You may think we’re in sci-fi territory here but make no mistake, embeddables will be commonplace in the future.
For example, smart pacemakers will send information to your physician to document your heart’s health, can call for aid if you have any issues, and can even administer an electric shock to restart a stopped heart in an emergency.
For general health tracking, expect to see fitness trackers that live under your skin for accurate diagnostics of everything from your sugar and oxygen levels, through to monitoring cholesterol and heart rate.
One emerging technology with huge potential is the smart contact lens.
Placed within the eye, this connected device can provide adaptive vision enhancement where you can alter its lens based on your activity.
It can even diagnose issues with glucose levels by monitoring your tears. And it can provide an augmented-reality (AR) overlay to improve productivity, such as revealing GPS map data or incoming messages.
Out of sight and onto hearing.
Smart hearing aids get smarter through everyday use via machine learning, alongside personalised sound options for managing what you want to hear in, say, a busy restaurant.
Machine learning means these devices will get smarter – which is how there are already hearing aids that can offer on-the-fly foreign-language translations.
As fast broadband helps bring connectivity to more classrooms around Australia, we’re expecting to see children benefit from exciting new educational opportunities.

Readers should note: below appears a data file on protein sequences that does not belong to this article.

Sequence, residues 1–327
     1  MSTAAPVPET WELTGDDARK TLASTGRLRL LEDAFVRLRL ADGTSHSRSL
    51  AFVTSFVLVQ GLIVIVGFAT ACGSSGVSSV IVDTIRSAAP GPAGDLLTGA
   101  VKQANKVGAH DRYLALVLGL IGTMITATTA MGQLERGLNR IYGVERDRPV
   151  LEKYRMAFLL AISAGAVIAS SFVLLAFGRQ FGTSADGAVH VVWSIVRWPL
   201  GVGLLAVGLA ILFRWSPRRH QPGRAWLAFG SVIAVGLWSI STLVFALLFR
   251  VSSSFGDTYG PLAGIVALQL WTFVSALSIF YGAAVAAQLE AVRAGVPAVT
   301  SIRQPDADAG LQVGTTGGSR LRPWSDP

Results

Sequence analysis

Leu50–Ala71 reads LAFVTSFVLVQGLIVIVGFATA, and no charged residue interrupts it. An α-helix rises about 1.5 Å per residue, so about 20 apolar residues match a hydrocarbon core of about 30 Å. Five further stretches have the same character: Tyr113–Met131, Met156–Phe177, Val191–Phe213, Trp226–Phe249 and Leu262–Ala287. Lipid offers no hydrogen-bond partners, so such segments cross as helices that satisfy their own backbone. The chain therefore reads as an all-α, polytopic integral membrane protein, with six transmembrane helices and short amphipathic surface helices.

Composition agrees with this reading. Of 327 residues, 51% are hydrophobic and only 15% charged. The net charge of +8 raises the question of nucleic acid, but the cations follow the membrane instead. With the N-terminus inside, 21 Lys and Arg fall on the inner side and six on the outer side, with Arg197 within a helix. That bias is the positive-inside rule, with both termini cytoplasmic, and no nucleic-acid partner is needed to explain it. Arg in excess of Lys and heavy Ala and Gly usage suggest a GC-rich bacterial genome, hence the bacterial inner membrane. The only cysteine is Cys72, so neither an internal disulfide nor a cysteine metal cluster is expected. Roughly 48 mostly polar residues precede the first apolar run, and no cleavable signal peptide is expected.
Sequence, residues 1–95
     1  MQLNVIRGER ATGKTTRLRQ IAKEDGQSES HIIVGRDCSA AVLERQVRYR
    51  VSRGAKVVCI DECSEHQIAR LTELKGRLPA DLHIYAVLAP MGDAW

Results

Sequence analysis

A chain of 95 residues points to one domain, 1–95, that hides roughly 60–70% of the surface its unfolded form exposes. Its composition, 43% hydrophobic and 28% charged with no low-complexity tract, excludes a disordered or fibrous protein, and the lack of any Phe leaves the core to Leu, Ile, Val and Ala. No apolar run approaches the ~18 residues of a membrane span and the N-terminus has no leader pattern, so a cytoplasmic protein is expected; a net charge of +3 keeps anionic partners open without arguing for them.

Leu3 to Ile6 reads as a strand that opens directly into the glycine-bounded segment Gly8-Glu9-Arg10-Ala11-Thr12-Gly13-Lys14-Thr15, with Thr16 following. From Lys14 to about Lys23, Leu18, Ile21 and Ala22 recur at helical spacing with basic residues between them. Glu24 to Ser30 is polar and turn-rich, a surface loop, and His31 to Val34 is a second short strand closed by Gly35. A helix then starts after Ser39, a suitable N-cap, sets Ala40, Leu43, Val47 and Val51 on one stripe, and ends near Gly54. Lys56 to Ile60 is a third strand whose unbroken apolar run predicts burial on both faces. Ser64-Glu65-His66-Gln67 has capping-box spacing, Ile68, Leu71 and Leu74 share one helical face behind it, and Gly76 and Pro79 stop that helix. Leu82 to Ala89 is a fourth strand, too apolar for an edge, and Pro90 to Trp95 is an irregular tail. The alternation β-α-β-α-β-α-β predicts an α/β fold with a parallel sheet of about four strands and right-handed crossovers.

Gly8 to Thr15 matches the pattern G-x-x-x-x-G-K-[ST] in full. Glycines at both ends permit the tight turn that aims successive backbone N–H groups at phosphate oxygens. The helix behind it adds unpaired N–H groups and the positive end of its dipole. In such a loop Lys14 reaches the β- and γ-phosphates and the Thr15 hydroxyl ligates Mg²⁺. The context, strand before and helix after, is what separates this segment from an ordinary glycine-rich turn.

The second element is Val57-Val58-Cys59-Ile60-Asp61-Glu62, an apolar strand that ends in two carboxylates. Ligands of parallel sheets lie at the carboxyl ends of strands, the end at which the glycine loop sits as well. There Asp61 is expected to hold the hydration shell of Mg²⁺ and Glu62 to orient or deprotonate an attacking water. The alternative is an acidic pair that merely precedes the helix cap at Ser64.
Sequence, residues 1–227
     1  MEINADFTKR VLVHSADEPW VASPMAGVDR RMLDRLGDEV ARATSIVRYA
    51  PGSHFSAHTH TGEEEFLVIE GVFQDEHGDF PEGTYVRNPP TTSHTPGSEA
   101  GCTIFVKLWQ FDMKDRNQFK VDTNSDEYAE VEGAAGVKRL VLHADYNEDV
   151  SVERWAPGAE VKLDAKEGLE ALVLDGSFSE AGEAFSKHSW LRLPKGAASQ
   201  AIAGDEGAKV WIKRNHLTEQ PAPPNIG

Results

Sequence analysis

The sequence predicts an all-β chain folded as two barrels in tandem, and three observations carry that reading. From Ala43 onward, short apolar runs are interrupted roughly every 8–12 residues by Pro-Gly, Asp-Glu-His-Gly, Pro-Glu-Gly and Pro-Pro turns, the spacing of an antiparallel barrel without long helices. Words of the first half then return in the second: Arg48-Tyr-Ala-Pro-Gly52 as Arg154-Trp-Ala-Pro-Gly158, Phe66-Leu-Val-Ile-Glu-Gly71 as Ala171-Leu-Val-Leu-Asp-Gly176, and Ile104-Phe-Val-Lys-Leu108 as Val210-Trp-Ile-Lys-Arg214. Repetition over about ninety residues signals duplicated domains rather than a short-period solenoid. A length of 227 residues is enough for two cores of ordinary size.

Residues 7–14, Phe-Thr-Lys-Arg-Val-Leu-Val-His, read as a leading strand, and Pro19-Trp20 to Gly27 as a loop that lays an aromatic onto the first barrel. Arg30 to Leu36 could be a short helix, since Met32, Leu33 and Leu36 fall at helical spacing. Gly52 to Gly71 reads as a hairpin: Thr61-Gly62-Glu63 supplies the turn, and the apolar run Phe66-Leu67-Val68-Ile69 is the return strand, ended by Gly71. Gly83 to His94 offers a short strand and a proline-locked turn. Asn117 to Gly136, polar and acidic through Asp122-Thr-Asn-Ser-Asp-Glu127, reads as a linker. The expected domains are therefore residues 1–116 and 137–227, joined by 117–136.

Further down the track, we can expect to see AR devices become more prominent in education.
These lightweight AR headsets allow for collaborative lesson experiences where entire classrooms can swap out pictures in textbooks for 3D models and real-time pop-up cinematics they can move around and interact with.
Even further down the track, don’t be surprised if we see powerful machine-learning algorithms that provide adaptive curriculum in digital textbooks, for study at school or at home.
Acer is already tinkering in this adaptive-curriculum space with the recent launch of an analytics lab at the University of Technology Sydney. The lab monitors student engagement and provides data on future learning improvements.
On top of this, AI-driven lessons that adapt to student needs are expected to grow significantly in the coming years, thanks to recent global investments.
While flying cars might still be in the realms of imagination – and The Jetsons – for many other smart devices, the future will be arriving much sooner than later.
So, what smart device of the future are you eagerly awaiting?
How to optimise your set-up at home
^ NBN Co’s build completion commitment is that all standard installation premises in Australia are able to connect to the nbn™ access network as at the build completion date. This excludes premises in future new developments which will be an ongoing activity for NBN Co beyond the build completion date. It also excludes a small proportion of premises defined as ‘complex connections’ – which includes properties that are difficult to access, culturally significant areas and heritage sites – where connection depends on factors outside of NBN Co’s control such as permission from traditional owners, and where network construction to allow such premises to connect will be an ongoing activity of NBN Co beyond the build completion date.